Dealing with consumer complaints using an iPad

The story highlights how students can learn to make consumer complaints by drafting emails to  on their iPads.

TeacherKatie Fitzgerald



School levelPrimary school


Social Literacy Skills - improve children’s ability to respond using different forms of social language and by using IT methods.

We put children in pairs and select one child as the shop manager and other child as the customer. They would build up a correspondence over several sessions using iPad where they continue to communicate to each via using email communication, until a resolution is found. Appropriate social language would have to be pre-taught and assistance would be needed to guide the students as how to find a possible solution/problem solving.


Discussion: what types of issues do customers complain about? • Recall a time when you had to complain • Create list of typical issues • Classify complaints into categories • Discussion: how would you go about making a complaint?

What are the different ways?
Teacher model: Draft short email to make complaint about small issue • Students then draft their own email
 Did you encounter problems when applying your pedagogical idea?
Diverse range of issues students wanted to focus one, could not agree on one topic.
Various levels of ability, some finishing faster than others.
 How did you solve them? • Created list on board of all the issues mentioned. • I (teacher) chose one to model to students, however they were then free to select their own issue they wanted to draft an email about. • For students finished early, they then selected a second issue from list created on board and began drafting a second email of complaint. • If two students were both finished, I got them to send the email to each other and decide how to respond appropriately as the manager of the relevant organization.
 What were the most beneficial features of tablets? • The children really enjoy using them are thus enthusiastic about the lesson. • There is predictive text option available which is a great aid for children with spelling and literacy difficulties. • The child get a strong sense of self achievement • Children who have dysgraphia or any spelling difficulties are more willing to write/type their words as their handwriting is not being questioned or evaluated. They are more confident to type than write. • Much easier to save and access work previously worked on. • Much easier to edit written work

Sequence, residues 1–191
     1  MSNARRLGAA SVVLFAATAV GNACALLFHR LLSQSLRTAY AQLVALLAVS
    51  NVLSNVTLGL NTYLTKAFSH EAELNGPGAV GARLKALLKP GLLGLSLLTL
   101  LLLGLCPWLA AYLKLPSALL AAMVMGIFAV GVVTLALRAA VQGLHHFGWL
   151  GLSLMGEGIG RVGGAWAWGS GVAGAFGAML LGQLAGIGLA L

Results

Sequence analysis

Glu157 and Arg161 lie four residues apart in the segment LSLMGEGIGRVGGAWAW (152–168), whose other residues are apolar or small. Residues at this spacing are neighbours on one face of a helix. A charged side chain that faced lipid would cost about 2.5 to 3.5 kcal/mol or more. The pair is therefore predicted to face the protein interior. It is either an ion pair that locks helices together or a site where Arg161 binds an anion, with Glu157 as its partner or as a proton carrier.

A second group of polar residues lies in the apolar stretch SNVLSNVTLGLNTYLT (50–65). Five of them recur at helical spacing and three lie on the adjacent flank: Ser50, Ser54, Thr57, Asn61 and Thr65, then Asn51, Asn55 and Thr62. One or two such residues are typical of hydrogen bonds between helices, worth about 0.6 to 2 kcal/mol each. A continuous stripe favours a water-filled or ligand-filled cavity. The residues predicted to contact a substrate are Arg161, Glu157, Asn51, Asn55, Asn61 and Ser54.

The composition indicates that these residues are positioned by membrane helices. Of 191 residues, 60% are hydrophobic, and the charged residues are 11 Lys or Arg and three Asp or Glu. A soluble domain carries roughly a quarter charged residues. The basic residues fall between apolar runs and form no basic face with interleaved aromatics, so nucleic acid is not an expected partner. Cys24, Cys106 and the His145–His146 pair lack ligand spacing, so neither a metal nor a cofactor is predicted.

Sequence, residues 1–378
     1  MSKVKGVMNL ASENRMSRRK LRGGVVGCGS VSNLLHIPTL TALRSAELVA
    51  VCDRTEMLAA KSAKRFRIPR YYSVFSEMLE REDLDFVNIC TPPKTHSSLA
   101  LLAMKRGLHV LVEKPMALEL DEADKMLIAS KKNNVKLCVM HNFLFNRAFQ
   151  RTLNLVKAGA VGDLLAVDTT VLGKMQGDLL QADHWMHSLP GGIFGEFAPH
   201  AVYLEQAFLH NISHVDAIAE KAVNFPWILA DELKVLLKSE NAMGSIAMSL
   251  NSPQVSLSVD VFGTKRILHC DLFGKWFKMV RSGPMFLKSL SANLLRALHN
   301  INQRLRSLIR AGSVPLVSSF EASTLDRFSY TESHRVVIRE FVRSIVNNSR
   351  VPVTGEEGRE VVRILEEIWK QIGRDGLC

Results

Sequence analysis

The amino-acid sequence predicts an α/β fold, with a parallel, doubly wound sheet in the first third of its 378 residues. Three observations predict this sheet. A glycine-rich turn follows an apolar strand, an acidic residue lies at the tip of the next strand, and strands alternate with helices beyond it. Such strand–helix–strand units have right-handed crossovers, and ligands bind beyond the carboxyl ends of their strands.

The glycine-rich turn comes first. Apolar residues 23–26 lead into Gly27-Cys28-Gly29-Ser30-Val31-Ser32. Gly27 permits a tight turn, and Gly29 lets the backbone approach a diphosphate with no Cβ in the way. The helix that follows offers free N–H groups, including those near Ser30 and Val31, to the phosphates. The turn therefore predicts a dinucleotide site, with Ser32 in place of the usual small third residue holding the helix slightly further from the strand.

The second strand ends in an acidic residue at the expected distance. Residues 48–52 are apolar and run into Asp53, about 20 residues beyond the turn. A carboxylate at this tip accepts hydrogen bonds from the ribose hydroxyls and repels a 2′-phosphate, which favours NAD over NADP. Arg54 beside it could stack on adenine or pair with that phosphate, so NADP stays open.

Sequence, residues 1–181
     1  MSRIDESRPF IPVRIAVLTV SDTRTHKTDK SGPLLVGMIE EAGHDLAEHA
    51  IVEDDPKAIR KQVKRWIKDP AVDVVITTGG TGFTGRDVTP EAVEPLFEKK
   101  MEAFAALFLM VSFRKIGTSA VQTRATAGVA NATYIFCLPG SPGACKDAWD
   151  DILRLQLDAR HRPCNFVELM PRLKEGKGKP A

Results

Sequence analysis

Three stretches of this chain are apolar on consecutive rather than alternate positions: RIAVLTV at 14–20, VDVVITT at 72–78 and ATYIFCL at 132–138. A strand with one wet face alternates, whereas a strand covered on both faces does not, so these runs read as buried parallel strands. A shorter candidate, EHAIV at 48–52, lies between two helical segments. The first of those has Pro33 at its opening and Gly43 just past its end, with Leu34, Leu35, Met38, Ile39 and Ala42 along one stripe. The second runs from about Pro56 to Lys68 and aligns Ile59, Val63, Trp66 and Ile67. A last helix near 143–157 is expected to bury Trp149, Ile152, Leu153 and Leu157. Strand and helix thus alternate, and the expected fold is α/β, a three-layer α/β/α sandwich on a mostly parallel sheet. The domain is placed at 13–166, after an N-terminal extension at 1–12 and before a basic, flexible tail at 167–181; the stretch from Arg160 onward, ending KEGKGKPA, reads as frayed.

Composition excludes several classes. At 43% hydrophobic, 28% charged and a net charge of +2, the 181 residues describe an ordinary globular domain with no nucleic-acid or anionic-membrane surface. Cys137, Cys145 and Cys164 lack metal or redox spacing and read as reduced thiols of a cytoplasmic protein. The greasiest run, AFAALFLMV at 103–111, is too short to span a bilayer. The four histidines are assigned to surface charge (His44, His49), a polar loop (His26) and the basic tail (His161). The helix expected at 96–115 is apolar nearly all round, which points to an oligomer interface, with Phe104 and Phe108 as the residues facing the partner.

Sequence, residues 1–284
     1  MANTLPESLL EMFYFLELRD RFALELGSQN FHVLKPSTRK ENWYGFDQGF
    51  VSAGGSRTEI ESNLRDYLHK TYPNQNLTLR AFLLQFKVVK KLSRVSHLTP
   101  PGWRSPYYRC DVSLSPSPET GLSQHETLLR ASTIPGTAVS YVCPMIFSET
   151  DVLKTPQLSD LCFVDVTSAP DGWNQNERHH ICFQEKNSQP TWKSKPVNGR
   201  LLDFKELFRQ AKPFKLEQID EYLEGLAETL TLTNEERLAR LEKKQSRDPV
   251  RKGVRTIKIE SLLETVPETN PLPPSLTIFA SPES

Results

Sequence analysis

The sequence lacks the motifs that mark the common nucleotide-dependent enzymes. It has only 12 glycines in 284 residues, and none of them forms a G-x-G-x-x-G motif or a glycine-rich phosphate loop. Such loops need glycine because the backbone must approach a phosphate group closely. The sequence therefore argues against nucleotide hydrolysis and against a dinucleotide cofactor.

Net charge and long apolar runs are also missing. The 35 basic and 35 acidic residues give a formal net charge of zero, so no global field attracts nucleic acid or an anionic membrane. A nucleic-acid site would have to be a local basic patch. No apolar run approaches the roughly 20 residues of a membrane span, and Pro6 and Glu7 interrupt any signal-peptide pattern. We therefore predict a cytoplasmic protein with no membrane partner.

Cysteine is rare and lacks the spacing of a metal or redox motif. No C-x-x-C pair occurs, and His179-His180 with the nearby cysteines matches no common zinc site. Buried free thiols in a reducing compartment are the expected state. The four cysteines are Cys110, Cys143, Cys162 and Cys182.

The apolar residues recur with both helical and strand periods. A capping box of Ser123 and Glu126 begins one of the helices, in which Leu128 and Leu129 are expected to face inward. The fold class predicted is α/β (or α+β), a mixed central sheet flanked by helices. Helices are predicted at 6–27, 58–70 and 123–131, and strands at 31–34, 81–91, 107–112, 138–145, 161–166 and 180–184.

Tablets were used as there is two children in this learning support group with specific literacy difficulties. These students are often very reluctant to write as they have self-conscious and are consumed with their errors in their work. For this reason I chose the tablets as they are very useful to empower these children and leave them with a greater sense of achievement in their completed work.

What did the learners gain by using tablets? • Satisfaction and achievement from completing Draft complaint email • Identify errors and self-correct using correction features • A sense of Independence working alone, without relying on teacher for assistance • Sequence skills using tablets to carry out task. • Self-confidence- ability to transfer some of skills to written work

What made the methods you used successful? The fact that the children have a very positive attitude towards IPads is a big plus. It means that the children are enthusiastic about the lesson before they even find out what the content is. As mentioned previously, tablets are also very useful for children who are reluctant to write due to literacy difficulties. It is much easier to encourage them to complete forms of written work when they are using an IPad as they are much less self-conscious.


Children can work at their own pace and level, and it is not as obvious to the other students. Children with literacy difficulties such as dyslexia and dysgraphia are more included in the lesson and their learning needs are more assisted using tablet over handwritten, due to typing features, predictive text and apps for spelling.

Children are not as self-conscious about their work and thus it is more appealing to all students, regardless of their needs.
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